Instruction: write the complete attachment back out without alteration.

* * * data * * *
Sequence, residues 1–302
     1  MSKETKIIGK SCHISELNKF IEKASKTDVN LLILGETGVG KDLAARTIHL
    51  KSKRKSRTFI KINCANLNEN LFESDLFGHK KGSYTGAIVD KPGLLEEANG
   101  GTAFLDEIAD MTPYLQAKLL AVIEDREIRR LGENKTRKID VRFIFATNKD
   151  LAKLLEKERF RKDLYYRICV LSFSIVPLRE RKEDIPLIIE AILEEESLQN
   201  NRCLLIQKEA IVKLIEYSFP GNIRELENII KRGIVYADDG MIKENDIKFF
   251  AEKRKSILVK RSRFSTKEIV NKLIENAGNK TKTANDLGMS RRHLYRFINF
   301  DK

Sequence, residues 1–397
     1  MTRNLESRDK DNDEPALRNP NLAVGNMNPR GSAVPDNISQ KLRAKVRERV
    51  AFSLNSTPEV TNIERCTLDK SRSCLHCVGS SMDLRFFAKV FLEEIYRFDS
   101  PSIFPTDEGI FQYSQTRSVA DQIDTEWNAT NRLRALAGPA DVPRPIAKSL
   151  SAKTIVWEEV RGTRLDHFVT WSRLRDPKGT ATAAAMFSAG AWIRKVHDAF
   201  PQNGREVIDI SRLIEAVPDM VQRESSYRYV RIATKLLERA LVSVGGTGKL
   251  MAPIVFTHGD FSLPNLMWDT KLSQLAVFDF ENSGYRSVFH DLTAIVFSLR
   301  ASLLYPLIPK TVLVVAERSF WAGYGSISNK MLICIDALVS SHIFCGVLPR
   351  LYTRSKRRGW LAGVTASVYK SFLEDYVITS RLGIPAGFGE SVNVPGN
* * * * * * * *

Sequence, residues 1–302
     1  MSKETKIIGK SCHISELNKF IEKASKTDVN LLILGETGVG KDLAARTIHL
    51  KSKRKSRTFI KINCANLNEN LFESDLFGHK KGSYTGAIVD KPGLLEEANG
   101  GTAFLDEIAD MTPYLQAKLL AVIEDREIRR LGENKTRKID VRFIFATNKD
   151  LAKLLEKERF RKDLYYRICV LSFSIVPLRE RKEDIPLIIE AILEEESLQN
   201  NRCLLIQKEA IVKLIEYSFP GNIRELENII KRGIVYADDG MIKENDIKFF
   251  AEKRKSILVK RSRFSTKEIV NKLIENAGNK TKTANDLGMS RRHLYRFINF
   301  DK

Sequence, residues 1–397
     1  MTRNLESRDK DNDEPALRNP NLAVGNMNPR GSAVPDNISQ KLRAKVRERV
    51  AFSLNSTPEV TNIERCTLDK SRSCLHCVGS SMDLRFFAKV FLEEIYRFDS
   101  PSIFPTDEGI FQYSQTRSVA DQIDTEWNAT NRLRALAGPA DVPRPIAKSL
   151  SAKTIVWEEV RGTRLDHFVT WSRLRDPKGT ATAAAMFSAG AWIRKVHDAF
   201  PQNGREVIDI SRLIEAVPDM VQRESSYRYV RIATKLLERA LVSVGGTGKL
   251  MAPIVFTHGD FSLPNLMWDT KLSQLAVFDF ENSGYRSVFH DLTAIVFSLR
   301  ASLLYPLIPK TVLVVAERSF WAGYGSISNK MLICIDALVS SHIFCGVLPR
   351  LYTRSKRRGW LAGVTASVYK SFLEDYVITS RLGIPAGFGE SVNVPGN